The “pre-school” – scuola materna or asilo infantile in Italian – is clearly the most enduring physical inheritance from the Cochranes (and I will try to write something about it later), but another, smaller, humbler relic has been pointed out to me by my dear friend Giuseppe Cargioli.
Around 1900, amongst all the other work being done around the village, the Cochranes had built a communal laundry to take advantage of the water they had had piped down from the spring of Bonezzola on Monte Canarbino.
Modelled perhaps on more French lines from their years on the French Riviera before they came to Pugliola, the characteristic feature that sets it apart from all others I have seen is the use of Carrara Marble washboarding along the three working sides. Here follows my short introductory video to its delights (forgive the abrupt ending)
This laundry, a gift targetted at the women of the village, would have made an enormous difference to their lives. Fresh water, company, a pleasant location – great luxuries compared with what it replaced; carting water, never enough; working in basins and tubs. It was originally (and up ’til only 4years ago) roofed to provide shade in summer and protection in winter.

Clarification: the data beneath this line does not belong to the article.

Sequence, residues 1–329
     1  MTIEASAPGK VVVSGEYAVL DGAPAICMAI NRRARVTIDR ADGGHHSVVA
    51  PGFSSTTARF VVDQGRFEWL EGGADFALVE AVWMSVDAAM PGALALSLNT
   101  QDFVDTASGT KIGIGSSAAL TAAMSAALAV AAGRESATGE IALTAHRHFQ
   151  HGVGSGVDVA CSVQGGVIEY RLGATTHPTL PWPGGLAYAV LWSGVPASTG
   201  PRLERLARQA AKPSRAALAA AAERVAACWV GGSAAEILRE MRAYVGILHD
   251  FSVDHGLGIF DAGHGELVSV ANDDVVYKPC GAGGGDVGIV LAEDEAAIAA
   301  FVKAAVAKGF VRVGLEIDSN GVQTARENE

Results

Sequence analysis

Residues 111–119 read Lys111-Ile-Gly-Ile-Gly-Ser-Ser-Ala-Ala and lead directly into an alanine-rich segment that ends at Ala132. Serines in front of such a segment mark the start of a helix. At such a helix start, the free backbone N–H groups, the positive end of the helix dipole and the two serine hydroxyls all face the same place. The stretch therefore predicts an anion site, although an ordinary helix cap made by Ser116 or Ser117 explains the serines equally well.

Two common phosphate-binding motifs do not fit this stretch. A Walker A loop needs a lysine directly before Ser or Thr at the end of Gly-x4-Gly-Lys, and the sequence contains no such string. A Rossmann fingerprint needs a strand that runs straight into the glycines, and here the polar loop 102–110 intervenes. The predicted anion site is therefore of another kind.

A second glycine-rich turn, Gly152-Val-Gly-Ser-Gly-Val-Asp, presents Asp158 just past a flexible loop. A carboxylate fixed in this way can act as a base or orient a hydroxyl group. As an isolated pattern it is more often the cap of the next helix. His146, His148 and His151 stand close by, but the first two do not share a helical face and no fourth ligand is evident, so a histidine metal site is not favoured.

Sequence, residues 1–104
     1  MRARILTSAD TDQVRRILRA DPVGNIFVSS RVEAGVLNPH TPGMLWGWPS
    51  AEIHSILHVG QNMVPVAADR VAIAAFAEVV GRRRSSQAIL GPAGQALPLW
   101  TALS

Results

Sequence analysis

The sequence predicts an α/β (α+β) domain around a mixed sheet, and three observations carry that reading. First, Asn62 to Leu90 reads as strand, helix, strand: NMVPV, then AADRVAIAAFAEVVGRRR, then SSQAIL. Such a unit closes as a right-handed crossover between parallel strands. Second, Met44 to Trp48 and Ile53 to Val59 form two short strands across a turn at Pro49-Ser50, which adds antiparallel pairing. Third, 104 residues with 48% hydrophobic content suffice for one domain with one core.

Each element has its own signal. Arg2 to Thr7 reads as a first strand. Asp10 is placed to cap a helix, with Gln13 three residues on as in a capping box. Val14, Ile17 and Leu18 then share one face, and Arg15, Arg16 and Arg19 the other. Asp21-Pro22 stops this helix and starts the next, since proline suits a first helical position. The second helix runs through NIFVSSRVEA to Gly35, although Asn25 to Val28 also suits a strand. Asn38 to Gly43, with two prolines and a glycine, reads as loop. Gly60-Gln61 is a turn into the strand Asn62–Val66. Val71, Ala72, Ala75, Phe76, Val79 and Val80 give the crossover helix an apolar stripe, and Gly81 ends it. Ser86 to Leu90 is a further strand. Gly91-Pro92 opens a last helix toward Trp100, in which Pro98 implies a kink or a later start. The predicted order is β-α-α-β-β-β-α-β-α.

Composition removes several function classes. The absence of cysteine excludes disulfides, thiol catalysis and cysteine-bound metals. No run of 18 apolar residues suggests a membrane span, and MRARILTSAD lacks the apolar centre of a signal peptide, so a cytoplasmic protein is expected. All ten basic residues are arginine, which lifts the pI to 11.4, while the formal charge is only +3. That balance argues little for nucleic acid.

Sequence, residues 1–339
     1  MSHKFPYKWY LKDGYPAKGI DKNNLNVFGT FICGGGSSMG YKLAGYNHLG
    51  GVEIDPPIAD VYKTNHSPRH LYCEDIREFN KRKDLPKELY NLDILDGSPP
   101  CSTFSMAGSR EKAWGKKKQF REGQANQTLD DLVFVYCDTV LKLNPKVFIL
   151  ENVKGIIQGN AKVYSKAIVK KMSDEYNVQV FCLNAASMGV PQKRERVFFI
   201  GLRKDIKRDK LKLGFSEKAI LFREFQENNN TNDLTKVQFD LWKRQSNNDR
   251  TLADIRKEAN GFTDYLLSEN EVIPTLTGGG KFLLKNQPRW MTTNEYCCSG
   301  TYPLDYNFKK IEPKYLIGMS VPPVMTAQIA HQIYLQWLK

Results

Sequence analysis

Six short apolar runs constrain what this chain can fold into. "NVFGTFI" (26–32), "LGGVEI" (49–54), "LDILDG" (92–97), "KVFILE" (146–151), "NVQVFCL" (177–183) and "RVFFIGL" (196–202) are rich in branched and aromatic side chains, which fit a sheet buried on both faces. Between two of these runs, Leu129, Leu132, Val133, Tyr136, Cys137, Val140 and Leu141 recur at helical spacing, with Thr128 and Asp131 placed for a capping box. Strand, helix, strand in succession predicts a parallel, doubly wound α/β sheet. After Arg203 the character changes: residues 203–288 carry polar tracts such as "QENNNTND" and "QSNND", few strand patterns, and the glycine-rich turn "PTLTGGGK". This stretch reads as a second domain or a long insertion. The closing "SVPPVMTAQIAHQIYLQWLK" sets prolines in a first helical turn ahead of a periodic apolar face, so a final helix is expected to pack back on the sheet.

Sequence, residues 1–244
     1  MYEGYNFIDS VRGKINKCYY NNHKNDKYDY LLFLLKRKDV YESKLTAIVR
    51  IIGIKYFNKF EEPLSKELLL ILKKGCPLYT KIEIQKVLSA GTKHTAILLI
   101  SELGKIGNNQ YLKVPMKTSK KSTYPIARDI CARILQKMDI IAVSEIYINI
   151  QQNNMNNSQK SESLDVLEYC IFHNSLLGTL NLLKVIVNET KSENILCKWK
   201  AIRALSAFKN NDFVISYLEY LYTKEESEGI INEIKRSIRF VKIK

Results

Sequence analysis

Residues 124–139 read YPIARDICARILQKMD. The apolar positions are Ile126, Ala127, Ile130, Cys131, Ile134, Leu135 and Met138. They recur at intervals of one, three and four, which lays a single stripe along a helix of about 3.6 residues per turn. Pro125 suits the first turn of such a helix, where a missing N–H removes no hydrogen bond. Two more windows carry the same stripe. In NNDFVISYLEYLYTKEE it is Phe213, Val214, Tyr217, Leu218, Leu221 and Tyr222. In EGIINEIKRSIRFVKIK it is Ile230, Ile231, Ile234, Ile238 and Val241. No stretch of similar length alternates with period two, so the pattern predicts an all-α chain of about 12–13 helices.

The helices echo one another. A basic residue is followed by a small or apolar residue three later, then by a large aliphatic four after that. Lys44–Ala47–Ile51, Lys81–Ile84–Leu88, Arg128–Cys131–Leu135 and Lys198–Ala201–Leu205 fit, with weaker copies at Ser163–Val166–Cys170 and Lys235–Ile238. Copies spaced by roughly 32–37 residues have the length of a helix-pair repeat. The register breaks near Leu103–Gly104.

Of course it has not been in regular use since about 1985 when the last of the older women stopped and most of the younger women had machines. But it is a thing of beauty in its own right and a powerful reminder of how things once were; and of the sensitivity of the Cochranes.
Like most things they did, it shows a desire to go beyond the essential basics and to infuse their work with beauty. The village fountain was a pagoda; the windows and ceilings in the asilo soared upwards into light.
The marble washboards are striated, ribbed, angled for ease of use. The marble is also a reminder of the business connections of William Cochrane with Carlo Andrea Fabbricotti, called “The King of Marble”, another fascinating, larger-than-life character in this story.
So, about 2005-6, a tree came down onto the laundry’s corrugated-iron roof. The Comune council, faced with the choice of repair or removal, chose removal; and since then the water and sunlight have started to do their work in accordance with the second law of thermodynamics. Primarily it is now the unchecked growth of weeds, pulling apart the stonework slowly, that is the concern.
A project has now commenced to replace the roof – a survey has been commissioned and avenues of fundraising are being explored. (Please contact me if you are willing and/or able to assist in this matter.)